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Energy & Natural Resources Commnuity

Getting to Glasgow: the UK is leading the way with ambitious climate plans but achieving them requires good data and common standards

Author: James Close, Head of Climate Change at NatWest Group

Published: 07 Jun 2021

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Tackling climate change is the most important issue affecting the economy and inter-generational equality. I’ve spent the last 15 years of my career, in both the public and private sectors, championing climate-smart finance to help with the transition to net zero. COP26 is a pivotal moment and I believe the UK really can make a difference. We have ambitious climate plans and we’ll work collaboratively with other countries and non-state actors (UN-speak for businesses, cities, investors and NGOs) to make it a success by showing how changing finance flows can support climate action. The accounting profession has an important role to play in providing the tools to direct capital towards the transition.

After the financial crisis, Lord Adair Turner made the case for finance to be purpose-led and when NatWest Group announced their strategy was to be a purpose-led bank I was intrigued. When I found out that climate change was at the heart of the strategy, I was delighted when they offered me the job of Head of Climate Change. I’ve worked at The World Bank so I know the role that concessional and blended finance can play in accelerating climate action.

I believe finance really can make a difference. Investors, fund managers and banks have high expectations of our climate ambitions, and rightly so. The UK takes these expectations extremely seriously. As a country, we’ve demonstrated leadership by setting carbon budgets and legislating for climate action. The UK has created the Race to Zero and UK banks are leading the way in joining the Net Zero Banking Alliance, which is part of the Glasgow Financial Alliance for Net Zero (GFANZ). Showing how changing finance flows can support climate action and demonstrating that the UK is leading the way through inspiration and example will drive the success of COP26.

Our leadership starts from the top. The Prime Minister has set out the UK’s commitment and action and, as COP president, we have a unique opportunity to show the world what we can do to bring about significant change, at speed, to build a more climate-resilient economy. We can also use these intentions to build back better from the pandemic.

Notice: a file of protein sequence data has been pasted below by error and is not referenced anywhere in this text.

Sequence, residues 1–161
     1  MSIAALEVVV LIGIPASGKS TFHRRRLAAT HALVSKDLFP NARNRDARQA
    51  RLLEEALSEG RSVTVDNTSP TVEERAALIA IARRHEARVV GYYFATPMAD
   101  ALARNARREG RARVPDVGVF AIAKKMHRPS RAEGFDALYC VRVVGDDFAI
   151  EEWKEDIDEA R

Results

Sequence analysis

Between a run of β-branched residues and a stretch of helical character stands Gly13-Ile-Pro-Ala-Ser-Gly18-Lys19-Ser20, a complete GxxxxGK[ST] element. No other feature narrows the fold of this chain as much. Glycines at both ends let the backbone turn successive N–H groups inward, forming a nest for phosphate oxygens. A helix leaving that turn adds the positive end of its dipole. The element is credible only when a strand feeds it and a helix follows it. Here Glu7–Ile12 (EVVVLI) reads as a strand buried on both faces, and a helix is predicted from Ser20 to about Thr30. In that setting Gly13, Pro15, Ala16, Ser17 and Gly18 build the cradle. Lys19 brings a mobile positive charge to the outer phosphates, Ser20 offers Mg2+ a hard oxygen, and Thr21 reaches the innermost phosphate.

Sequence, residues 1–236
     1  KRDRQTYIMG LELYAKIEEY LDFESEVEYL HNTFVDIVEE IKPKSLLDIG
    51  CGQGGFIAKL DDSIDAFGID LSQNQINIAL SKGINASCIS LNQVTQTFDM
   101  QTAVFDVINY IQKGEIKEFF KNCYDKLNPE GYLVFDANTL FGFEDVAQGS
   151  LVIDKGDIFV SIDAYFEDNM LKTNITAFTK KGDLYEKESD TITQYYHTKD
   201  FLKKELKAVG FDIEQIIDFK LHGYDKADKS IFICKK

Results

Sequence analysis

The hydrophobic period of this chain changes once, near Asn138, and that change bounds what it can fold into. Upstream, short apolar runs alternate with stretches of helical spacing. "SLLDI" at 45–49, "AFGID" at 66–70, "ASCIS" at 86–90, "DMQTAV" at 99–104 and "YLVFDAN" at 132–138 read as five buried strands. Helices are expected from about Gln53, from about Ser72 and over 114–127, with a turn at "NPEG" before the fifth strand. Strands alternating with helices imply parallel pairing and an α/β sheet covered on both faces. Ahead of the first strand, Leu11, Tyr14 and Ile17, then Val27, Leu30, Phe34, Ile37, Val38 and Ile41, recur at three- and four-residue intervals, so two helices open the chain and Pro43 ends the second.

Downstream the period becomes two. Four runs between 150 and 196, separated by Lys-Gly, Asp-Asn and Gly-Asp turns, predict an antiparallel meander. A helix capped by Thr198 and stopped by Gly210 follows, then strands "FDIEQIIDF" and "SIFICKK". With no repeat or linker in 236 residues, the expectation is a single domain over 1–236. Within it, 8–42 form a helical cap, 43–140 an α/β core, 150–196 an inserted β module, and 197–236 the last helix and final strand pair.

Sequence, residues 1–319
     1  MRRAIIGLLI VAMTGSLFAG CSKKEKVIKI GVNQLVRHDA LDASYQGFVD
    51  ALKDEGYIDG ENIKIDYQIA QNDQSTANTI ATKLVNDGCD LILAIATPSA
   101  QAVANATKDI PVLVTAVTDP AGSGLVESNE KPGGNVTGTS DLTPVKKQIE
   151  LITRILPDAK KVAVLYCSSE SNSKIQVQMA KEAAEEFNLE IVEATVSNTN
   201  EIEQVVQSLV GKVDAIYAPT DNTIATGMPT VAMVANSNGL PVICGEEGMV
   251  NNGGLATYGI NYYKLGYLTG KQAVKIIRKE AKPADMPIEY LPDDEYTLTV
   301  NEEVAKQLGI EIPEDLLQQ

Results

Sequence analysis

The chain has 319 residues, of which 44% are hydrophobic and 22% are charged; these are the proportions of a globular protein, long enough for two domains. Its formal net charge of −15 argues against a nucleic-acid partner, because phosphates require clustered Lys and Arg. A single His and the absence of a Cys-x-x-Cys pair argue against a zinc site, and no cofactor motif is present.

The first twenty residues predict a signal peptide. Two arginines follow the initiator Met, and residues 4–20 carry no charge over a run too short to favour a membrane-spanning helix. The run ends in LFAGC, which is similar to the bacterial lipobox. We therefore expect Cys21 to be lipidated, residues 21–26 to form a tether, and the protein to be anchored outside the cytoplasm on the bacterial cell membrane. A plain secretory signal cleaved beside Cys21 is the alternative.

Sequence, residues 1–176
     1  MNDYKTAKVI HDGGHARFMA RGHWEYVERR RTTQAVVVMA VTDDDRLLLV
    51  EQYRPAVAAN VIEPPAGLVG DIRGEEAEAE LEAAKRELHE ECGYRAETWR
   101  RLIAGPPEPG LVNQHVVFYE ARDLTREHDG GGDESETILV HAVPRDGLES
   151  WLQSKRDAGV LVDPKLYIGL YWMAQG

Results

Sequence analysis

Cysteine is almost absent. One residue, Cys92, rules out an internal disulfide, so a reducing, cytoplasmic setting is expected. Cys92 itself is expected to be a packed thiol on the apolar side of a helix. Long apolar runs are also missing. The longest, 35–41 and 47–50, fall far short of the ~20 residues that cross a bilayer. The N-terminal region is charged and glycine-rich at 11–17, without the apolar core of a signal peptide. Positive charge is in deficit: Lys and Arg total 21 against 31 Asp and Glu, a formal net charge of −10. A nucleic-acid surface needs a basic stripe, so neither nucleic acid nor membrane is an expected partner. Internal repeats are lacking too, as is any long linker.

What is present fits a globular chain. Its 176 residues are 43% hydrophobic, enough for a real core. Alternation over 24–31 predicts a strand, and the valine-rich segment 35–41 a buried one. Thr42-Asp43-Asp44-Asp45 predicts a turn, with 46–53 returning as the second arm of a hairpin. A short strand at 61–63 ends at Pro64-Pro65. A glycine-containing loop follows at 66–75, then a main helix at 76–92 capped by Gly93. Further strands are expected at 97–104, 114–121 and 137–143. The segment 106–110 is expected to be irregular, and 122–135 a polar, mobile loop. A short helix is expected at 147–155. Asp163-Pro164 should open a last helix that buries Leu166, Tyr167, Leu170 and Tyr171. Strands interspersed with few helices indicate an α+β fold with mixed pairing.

Here are three areas where the UK can show leadership:

  • Accelerating the speed of transition: Policy that we can accelerate transition and we need long-term signals to mobilise finance and the supply chain to retrofit and improve the energy efficiency of the UK’s housing stock. We also have the Ten Point Plan for a Green Industrial Revolution.
  • Supporting businesses: We know from our research that 88% of businesses want to reduce the emissions in their supply chain but many don’t know how. Businesses need to understand and tackle their carbon footprint so that they can drive forward net zero innovation.
  • Helping to end the most harmful activity: The UK leads in reducing its reliance on coal and, as a founding member of the Powering Past Coal Alliance, the UK can mobilise action to reduce the reliance on coal with developed countries helping developed countries to make the transition to deliver sustainable energy for all.

High levels of ambition on their own are not enough. Tackling climate change is very much a team sport and collaboration is the key to success: sectors becoming aware of what they have to do; businesses knowing they have support; and governments helping enable change.

The accountancy profession can be at the heart of these changes through:

  • A clearer view of true and fair: Balance sheets will have to align with the expectations of net zero. The economic and financial transition is underway and auditors need to reflect that in their opinions industries involved in the transition especially oil and gas companies.
  • Consistent improvement in carbon accounting and data: There have been major steps forward in carbon accounting and the accounting industry needs to integrate carbon into International Financial Reporting Standards.
  • Non-financial reporting to support ESG:  The World Economic Forum report on common metrics and consistent reporting of sustainable value creation was a good start toward creating consistency in non-financial reporting and the accounting profession can build on the principles proposed.

These are not exhaustive, of course. Whilst the eyes of the world are on Glasgow for the COP in November, many will be watching the leadership that the accounting industry can take so that the finance can flow to a net zero transformation.

The more we collaborate, the more likely it is we will succeed in hitting our targets. And the more we work together, the more we can scale up action and accelerate the climate action – one of the biggest challenges of our time.

James Close is the Head of Climate Change at NatWest Group who are principal banking sponsors to COP26 in Glasgow. He is a member of the Energy and Natural Resources Community Advisory Group for the ICAEW. He was formerly the Director for Climate Change at the World Bank where he was involved in the historic Paris Agreement and he is a veteran of many COPs.

*The views expressed are the author’s and not ICAEW’s.